The Queensland Law Society has defended the Court of Appeal after Judge Clive Wall, QC, criticised the appellate court for thinking more of the accused instead of the victims.
“I have no doubt that there’s a large section of the community that would agree with the comments by Judge Wall,” Queensland Law Society president Bill Potts told the publication.
However, he added that a “one-size-fits-all approach” is not suitable for justice.
“I think it is important members of the public realise sentencing, and the way in which the courts deal with both victims and perpetrators, is a case-by-case undertaking,” Potts said.
Earlier, judge Wall told the publication that, “Too much emphasis is placed on accused people at the expense of victims, and that is all encouraged by the Court of Appeal.”
“I don’t go around trying to provoke the Court of Appeal, (but) I try to impose sentences which go some way to satisfying the community and the victims,” he added.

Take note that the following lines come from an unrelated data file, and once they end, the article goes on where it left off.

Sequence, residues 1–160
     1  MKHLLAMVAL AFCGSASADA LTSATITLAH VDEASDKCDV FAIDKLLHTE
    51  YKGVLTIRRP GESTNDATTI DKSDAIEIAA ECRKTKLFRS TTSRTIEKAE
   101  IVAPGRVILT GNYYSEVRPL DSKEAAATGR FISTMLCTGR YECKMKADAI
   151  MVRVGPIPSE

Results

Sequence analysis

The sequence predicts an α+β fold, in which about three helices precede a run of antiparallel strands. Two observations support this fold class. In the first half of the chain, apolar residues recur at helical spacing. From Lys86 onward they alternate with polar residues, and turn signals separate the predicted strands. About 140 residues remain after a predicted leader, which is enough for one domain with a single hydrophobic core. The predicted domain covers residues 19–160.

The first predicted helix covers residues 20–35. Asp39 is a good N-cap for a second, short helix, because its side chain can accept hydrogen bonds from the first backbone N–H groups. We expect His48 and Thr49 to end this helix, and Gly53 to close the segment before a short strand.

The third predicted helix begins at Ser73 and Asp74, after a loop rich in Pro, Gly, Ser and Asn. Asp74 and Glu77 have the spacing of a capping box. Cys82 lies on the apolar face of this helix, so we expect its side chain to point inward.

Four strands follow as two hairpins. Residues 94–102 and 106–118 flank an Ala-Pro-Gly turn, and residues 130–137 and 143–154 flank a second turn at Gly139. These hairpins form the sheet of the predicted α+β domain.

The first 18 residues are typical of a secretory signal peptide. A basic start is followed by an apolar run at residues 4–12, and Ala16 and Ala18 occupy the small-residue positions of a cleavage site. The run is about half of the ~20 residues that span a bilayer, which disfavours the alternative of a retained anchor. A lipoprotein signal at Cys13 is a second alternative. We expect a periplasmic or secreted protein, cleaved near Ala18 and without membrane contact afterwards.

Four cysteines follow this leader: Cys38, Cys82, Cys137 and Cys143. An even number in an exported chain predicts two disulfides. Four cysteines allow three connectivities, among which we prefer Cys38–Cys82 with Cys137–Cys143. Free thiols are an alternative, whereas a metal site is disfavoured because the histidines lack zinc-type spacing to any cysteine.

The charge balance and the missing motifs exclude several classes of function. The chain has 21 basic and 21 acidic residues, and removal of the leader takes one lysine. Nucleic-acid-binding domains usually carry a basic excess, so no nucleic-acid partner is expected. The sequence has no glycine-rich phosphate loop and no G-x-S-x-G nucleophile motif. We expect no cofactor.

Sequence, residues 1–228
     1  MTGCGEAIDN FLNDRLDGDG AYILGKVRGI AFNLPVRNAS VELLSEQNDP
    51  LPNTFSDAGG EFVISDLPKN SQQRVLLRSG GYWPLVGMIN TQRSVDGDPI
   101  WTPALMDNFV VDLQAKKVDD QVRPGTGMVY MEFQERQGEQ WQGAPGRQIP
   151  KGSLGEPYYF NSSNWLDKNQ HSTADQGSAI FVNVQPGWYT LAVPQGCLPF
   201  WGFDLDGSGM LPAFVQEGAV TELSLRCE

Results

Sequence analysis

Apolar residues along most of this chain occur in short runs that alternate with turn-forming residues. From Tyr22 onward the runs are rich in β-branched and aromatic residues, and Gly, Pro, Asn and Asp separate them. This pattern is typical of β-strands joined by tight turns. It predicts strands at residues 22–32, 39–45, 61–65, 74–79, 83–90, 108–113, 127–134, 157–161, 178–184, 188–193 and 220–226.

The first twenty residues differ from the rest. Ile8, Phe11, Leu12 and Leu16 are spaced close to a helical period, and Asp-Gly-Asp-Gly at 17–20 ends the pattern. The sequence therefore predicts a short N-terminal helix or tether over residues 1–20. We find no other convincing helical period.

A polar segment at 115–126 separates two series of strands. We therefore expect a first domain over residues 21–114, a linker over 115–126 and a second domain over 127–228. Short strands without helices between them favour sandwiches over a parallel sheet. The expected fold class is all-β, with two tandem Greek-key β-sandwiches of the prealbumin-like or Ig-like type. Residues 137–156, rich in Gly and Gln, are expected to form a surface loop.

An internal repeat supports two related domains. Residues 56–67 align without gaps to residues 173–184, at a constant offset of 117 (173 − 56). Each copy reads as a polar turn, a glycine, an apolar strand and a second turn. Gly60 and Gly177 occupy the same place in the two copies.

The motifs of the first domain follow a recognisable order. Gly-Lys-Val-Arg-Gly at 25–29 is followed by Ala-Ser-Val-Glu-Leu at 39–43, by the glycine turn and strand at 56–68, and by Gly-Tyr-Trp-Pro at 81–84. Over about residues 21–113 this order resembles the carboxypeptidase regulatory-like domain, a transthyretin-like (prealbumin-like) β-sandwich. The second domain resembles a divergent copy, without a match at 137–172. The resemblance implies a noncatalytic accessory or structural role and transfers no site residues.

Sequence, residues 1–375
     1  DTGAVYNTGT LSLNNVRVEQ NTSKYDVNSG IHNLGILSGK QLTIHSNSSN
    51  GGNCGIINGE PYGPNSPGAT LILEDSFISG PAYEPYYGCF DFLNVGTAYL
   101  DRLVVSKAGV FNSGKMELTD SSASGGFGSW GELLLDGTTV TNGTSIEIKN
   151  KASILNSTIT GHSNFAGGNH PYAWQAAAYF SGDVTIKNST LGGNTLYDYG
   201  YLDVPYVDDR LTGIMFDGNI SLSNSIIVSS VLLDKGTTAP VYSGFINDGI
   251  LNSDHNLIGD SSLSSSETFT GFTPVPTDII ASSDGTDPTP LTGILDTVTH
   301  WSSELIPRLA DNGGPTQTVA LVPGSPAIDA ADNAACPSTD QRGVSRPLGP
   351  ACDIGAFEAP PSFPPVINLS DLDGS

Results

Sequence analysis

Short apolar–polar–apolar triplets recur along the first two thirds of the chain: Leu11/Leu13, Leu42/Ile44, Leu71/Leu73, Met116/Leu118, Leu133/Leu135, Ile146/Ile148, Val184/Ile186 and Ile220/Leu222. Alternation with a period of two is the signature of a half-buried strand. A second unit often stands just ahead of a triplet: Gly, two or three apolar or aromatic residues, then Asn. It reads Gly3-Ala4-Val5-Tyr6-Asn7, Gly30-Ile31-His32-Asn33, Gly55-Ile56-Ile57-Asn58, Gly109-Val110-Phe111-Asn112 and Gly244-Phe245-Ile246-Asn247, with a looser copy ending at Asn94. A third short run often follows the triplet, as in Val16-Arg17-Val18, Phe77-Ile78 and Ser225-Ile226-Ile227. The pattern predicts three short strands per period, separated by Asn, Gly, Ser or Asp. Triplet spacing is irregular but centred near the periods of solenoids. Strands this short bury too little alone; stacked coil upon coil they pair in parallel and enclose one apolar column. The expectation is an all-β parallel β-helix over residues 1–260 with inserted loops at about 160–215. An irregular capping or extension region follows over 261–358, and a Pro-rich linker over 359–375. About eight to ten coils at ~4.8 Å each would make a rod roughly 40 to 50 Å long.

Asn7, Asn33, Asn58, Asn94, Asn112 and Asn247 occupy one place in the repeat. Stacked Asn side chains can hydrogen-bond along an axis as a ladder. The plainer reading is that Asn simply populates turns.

“Some judges on the Court of Appeal have never sentenced anyone. I’m not criticising them personally, but I think it helps if appellant judges have trial experience,” Wall said.
However, the Law Society president cautioned about doling out harsh sentences without thinking of other factors such as rehabilitation.
“A sentence which does nothing but deliver the harshest of penalties to the offender is unlikely to benefit the community in the long run, nor the offender, who is likely to commit further crime,’’ he said.
“There are always issues on which reasonable minds might disagree. The fact some sentences may be altered on appeal is merely an indication the system works. Queenslanders can be confident they are well served by their judiciary at all levels,” Potts said, adding that the Law Society wished the judge a “long and happy retirement.”
One District Court judge’s retirement has become heated after he criticised the Court of Appeal a day before he retired from the bench.